5 foods you should eat this winter
Although there are fewer foods that are in season in winter than in summer, winter boasts some surprising health superstars.
There are some foods that are widely available and should be enjoyed during winter that can help battle the cold months.
They help to us keep warm and provide nutrients that are most necessary for the optimal functioning of our body during this season.
Here are five foods that dietitian and Association for Dietetics in South Africa spokesperson Shani Cohen recommend for a healthy and energetic winter.
Mushrooms are a great addition to any winter diet. Studies show that during winter our vitamin D (also known as the sunshine vitamin) levels drop because we spend more time indoors than outdoors in the sun. Mushrooms are a particularly great source of vitamin D.
What is even better, is that you can actually further enrich your mushrooms with vitamin D naturally by simply exposing them to sunlight for about 15 minutes before cooking.
Vitamin D helps to boost our immunity and is essential for optimal bone health. Besides for vitamin D, mushrooms provide a range of other essential nutrients like protein, vitamin C, iron, selenium, potassium and niacin. You can mix them into sauces, stir-fry them or add them as a side to your eggs for breakfast.
A comforting warm bowl of oats has numerous health benefits and is designed to provide us with the energy we need to start our days off on the right note. In addition to being very high in soluble fibre, oats contain plenty of energy-boosting B vitamins and magnesium to help balance our blood sugar levels and help manage our cholesterol levels.
Choose rolled oats or steel-cut oats over instant oats, as they contain more fibre. Fibre is very important for optimal gut health. The extra fibre also keeps you feeling fuller for longer.
You can enhance the flavour of your bowl of oats by adding a variety of toppings like berries, seeds, nuts, vanilla and cinnamon. I love that oats are very versatile too, you don’t just have to have it as a porridge – you can incorporate oats into smoothies, bars and homemade breads.
Fruits and vegetables
If you plan on leaving your home anytime in the next couple of months, chances are you are going to cross paths with germs. This is why it is essential to ensure that we eat enough vitamins and minerals to optimize our immune system.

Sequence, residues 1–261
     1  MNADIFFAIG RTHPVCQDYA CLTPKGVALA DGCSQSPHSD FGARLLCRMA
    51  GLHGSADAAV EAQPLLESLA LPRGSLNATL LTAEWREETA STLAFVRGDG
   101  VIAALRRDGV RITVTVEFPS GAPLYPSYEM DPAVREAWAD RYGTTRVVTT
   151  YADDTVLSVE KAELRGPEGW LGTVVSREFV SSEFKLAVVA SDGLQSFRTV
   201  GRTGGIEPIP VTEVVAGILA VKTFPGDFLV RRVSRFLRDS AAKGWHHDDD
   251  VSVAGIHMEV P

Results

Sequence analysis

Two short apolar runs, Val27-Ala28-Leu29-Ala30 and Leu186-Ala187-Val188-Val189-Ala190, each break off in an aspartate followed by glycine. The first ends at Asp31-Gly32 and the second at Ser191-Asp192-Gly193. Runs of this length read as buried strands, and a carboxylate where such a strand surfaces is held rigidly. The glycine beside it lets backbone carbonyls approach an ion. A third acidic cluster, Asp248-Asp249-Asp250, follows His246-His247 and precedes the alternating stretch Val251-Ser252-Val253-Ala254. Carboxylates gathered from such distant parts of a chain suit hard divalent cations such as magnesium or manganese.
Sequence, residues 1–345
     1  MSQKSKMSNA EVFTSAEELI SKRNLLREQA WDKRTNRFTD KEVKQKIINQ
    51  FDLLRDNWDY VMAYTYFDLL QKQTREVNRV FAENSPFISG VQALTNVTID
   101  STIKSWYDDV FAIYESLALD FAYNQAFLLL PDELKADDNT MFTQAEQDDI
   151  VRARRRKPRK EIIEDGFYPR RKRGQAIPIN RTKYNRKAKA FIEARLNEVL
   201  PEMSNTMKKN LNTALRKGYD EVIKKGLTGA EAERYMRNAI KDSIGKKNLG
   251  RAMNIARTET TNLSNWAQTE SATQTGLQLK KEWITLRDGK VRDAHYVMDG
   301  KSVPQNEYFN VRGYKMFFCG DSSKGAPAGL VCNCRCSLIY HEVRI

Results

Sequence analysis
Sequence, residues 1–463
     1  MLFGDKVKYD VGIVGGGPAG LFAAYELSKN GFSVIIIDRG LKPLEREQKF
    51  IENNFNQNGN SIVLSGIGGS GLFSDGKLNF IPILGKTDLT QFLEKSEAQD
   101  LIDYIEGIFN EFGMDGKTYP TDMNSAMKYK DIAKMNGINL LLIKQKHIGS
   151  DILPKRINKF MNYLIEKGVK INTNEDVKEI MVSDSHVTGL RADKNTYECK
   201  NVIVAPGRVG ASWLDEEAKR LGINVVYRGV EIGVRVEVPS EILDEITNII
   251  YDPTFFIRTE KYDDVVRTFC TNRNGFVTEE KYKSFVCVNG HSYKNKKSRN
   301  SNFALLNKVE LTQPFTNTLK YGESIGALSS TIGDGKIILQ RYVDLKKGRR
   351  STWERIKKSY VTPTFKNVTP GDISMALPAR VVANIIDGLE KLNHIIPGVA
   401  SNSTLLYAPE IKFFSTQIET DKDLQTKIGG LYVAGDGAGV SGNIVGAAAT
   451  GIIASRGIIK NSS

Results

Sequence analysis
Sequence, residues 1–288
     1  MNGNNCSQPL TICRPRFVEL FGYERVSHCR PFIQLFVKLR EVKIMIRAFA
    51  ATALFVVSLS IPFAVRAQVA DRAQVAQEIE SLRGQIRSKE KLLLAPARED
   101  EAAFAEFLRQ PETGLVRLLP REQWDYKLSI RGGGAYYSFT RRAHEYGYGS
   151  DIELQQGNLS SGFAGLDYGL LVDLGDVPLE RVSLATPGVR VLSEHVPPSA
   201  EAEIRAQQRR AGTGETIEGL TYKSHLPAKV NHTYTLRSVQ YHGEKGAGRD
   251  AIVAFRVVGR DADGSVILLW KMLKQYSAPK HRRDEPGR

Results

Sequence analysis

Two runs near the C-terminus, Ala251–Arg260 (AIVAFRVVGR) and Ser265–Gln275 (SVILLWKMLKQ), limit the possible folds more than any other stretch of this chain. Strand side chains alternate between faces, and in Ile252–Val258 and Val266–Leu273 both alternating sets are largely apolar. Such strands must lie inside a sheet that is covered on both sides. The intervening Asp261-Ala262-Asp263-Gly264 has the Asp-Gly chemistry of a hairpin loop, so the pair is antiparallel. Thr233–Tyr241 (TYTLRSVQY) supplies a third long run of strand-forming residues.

Fruits and vegetables are an excellent source of essential vitamins and minerals, and are naturally low in fat, sodium and calories. The chemicals that give fruits and vegetable their vibrant colours are called phytochemicals, which plays an essential role in our immune system.
Each colour has its own unique health benefits. For example, beta carotene is found in orange fruits like apricots and helps to maintain our skin health and appearance, while isothiocyanate is found in white vegetable like cauliflower and cabbage. So ‘eating a rainbow’ of fruits and vegetables is particularly important to ensure our bodies get all the essential nutrients it needs. It is recommended to have 5 servings of fruits and veg in a day.
Choose produce that is in season, such as apples, pears, citrus fruits, carrots, baby marrow and broccoli. It may be worth your while to check the frozen section too. These fruits and veggies are frozen shortly after being harvested, so they contain a great amount of vitamins and minerals.
To satisfy both your body and mind, we should be seeking out healthy comfort foods that make us feel full, warm and satisfied. We tend to often skip out on salads because they seem unappealing in cold weather which means it is quite common to eat less vegetables than we should during winter.
However, soup is a great way to get more fibre filled vegetables into your winter diet. Soup is winter’s perfect food. You can toss just about anything into a soup pot. To save on unhealthy fats and calories, choose to make a homemade soup rather than buying from the grocery store. Store-bought soups, whether fresh or tinned, tend to be quite high in salt, and often have cream added!
Make a batch of homemade soup on a Sunday for the whole week, and portion it out in to individual servings. The soup can then be frozen and defrosted on the go as a quick snack, lunch or even dinner.
Legumes, like beans, lentils and split peas are a healthy and inexpensive protein rich ingredient for winter recipes. They contain important nutrients like fibre and supply an impressive array of vitamins and minerals like iron, B vitamins, zinc and magnesium. Legumes are a great plant based protein for those who are vegetarian, vegan or those who simply want to include more plant based foods in their diet.
They have a hearty and meaty taste, which is why I recommend including them in soups, stews and curries. Try to buy the dried option of legumes which you can boil up yourself, instead of tinned ones as they are often preserved in salt water.